NEW YORK and LONDON -- A volcano began erupting on Monday in Iceland, the country's meteorological office said, after weeks of anticipation during which tens of thousands of earthquakes rumbled the southwestern coast.
"An eruption has started north of Grindavík," the Icelandic Met Office said in an alert on its website. "It can be seen on webcams and seems to be located close to Hagafell, about 3 km [about 1.8 miles] north of Grindavík."
An "earthquake swarm" started around 9 p.m. local time and the eruption began at 10:17 p.m., the office said. The intensity of the eruption began to decrease within hours, officials said in an update about four hours after later.
"The fact that the activity is decreasing already is not an indication of how long the eruption will last, but rather that the eruption is reaching a state of equilibrium," the Met said.
The affected area near Grindavík remained closed off by the country's Civil Defense, President Guni Th. Jóhannesson said on social media early Tuesday.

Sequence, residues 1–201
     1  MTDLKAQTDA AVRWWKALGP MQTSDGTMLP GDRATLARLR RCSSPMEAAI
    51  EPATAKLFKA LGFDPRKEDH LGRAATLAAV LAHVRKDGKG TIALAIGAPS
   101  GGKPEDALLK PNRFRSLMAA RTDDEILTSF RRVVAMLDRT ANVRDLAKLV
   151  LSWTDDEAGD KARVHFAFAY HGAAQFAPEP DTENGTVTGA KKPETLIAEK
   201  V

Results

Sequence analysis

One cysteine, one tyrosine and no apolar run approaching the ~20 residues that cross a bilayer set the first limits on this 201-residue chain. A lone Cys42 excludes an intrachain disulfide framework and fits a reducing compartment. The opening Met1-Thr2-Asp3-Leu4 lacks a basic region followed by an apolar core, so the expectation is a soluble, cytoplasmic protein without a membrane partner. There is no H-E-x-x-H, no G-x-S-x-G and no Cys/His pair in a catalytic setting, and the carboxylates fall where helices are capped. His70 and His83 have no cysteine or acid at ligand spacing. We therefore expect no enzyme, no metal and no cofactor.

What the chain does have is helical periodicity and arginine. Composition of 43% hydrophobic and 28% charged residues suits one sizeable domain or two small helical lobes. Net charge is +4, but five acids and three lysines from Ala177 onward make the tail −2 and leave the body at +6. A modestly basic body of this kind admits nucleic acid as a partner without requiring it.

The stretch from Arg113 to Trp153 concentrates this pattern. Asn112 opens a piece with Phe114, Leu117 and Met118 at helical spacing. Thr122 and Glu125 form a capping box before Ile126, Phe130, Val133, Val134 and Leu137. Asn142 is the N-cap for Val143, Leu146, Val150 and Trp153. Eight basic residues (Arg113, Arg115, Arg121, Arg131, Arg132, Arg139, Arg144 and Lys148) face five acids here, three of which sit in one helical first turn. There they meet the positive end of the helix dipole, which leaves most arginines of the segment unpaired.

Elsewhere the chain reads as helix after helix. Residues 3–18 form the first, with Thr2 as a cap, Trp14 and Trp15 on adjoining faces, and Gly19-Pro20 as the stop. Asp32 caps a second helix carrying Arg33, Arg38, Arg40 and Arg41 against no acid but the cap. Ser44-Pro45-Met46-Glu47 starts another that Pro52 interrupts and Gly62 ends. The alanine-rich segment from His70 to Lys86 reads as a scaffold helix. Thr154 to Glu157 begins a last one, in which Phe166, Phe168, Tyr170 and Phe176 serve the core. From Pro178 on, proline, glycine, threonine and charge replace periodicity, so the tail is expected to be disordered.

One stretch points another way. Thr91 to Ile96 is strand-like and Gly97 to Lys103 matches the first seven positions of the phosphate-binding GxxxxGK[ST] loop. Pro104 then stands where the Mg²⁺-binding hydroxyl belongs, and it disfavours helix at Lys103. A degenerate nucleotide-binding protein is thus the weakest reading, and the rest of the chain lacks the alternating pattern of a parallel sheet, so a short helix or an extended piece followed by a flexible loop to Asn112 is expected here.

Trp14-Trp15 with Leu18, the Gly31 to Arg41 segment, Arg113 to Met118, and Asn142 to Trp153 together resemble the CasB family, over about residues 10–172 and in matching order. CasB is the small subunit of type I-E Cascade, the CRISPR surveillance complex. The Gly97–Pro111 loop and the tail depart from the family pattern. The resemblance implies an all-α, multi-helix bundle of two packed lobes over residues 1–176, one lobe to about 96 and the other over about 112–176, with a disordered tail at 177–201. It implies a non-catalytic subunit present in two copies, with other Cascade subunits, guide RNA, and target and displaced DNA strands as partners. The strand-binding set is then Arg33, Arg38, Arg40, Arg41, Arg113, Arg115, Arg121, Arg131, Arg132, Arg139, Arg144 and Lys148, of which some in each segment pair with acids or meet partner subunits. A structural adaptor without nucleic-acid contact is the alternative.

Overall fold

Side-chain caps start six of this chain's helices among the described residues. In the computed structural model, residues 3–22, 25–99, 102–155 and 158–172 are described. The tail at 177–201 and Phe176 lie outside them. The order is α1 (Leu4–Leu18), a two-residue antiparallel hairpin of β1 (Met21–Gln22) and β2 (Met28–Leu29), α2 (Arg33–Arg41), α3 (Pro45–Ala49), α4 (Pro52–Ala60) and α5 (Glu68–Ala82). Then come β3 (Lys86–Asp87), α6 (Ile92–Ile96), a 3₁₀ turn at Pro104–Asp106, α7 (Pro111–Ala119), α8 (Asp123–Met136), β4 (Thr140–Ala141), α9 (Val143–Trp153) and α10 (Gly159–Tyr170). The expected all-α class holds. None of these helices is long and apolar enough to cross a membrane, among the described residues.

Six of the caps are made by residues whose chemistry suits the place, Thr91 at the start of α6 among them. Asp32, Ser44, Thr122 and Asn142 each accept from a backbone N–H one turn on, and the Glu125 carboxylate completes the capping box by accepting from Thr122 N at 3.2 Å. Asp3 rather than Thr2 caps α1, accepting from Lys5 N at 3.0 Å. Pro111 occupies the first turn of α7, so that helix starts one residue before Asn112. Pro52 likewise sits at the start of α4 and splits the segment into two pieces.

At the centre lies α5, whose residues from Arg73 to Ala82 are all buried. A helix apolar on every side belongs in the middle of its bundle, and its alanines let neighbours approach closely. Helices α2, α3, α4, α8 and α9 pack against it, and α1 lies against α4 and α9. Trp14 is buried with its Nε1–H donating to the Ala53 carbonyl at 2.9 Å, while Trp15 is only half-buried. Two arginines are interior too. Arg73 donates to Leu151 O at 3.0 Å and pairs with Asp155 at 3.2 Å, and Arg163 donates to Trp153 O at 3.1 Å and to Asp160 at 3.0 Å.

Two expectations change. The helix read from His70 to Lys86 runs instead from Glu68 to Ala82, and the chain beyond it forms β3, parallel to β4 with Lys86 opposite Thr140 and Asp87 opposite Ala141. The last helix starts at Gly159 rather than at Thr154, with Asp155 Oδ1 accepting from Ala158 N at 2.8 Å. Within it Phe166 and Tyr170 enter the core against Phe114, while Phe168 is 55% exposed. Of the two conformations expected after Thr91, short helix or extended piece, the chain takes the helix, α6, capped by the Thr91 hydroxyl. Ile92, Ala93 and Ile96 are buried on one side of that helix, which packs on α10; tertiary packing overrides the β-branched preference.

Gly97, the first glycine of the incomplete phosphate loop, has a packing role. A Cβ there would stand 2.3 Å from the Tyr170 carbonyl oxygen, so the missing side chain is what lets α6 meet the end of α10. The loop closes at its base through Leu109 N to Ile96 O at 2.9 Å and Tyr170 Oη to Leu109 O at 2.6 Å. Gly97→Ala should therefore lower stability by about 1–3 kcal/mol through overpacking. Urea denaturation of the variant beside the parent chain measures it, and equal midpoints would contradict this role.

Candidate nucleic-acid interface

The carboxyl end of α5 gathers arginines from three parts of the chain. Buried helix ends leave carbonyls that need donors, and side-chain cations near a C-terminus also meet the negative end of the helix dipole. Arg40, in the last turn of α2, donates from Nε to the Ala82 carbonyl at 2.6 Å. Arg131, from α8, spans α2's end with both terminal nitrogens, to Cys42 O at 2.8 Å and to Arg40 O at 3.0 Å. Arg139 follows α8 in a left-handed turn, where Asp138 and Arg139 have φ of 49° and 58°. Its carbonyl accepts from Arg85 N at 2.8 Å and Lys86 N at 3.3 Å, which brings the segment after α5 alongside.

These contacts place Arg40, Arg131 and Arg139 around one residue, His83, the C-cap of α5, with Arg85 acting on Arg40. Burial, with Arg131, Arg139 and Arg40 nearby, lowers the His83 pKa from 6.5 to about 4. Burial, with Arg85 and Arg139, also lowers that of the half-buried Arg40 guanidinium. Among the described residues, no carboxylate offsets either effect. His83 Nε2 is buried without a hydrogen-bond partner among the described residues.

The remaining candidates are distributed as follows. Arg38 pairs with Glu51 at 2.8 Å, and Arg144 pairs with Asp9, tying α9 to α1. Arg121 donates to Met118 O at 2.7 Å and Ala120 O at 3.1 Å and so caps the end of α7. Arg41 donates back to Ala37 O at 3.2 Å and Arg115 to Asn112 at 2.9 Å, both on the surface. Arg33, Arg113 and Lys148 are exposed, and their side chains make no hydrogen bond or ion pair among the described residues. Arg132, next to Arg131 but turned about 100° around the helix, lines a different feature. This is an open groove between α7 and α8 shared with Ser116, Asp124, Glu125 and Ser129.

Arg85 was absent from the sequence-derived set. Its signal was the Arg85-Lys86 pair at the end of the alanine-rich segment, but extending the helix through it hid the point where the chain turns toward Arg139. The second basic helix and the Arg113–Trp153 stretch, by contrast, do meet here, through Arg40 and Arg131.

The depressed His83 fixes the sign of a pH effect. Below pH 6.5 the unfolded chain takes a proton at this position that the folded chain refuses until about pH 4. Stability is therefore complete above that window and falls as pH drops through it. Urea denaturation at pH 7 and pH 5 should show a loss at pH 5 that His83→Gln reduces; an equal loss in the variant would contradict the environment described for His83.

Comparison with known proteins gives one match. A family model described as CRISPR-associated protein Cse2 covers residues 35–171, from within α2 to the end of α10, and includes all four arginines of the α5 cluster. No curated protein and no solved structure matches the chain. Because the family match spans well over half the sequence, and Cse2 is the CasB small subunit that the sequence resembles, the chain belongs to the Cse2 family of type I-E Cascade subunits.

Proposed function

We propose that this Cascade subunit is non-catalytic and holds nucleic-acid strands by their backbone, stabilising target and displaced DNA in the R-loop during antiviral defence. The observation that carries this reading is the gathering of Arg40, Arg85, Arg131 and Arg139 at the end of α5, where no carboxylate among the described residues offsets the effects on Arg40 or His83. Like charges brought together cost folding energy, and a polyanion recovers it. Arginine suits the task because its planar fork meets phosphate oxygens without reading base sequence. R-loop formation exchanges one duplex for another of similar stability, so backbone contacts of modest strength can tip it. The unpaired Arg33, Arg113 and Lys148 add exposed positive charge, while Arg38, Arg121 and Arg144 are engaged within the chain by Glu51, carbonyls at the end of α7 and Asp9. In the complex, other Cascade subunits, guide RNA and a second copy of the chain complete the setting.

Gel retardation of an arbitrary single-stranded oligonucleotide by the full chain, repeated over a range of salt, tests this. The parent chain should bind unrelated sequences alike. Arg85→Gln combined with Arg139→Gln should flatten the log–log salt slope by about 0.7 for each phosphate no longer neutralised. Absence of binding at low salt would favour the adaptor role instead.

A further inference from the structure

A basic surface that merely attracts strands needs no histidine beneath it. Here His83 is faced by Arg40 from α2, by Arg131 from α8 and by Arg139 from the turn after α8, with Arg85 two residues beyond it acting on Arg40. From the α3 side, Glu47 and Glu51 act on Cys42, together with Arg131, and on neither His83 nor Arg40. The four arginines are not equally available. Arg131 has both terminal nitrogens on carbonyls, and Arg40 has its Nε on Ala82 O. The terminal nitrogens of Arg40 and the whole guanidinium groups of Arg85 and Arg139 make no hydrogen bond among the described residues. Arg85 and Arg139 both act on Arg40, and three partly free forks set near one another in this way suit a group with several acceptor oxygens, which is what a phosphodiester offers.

"We now wait to see what the forces of nature have in store," he said. "We are prepared and remain vigilant."
Iceland's Meteorological Office said the eruption was located on "the dyke intrusion that formed in November." The eruption fissure, as the Met Office called it, began expanding southward, with the southern end of it near Sundhnúkur.
Icelandic weather officials scheduled a meeting with scientists on Tuesday morning to evaluate what had happened overnight, according to the Met.
It estimated the lava discharge from the fissure to be "hundreds of cubic metres per second," adding that the biggest lava fountains were on the northern end. The lava was spreading laterally, the office said.
Local weather officials had warned in November there was a "significant likelihood" of a volcanic eruption. More than 20,000 quakes have shaken the area since late October, officials have said.
At the time, officials declared a state of emergency near the Mount Fagradalsfjall volcano on the sparsely populated Reykjanes Peninsula.
About 3,700 residents of Grindavík, a nearby fishing town, began evacuating on Nov. 10, according to the Department of Civil Protection and Emergency Management. The evacuation was successful, Bjarni Benediktsson, the minister of foreign affairs, said at the time.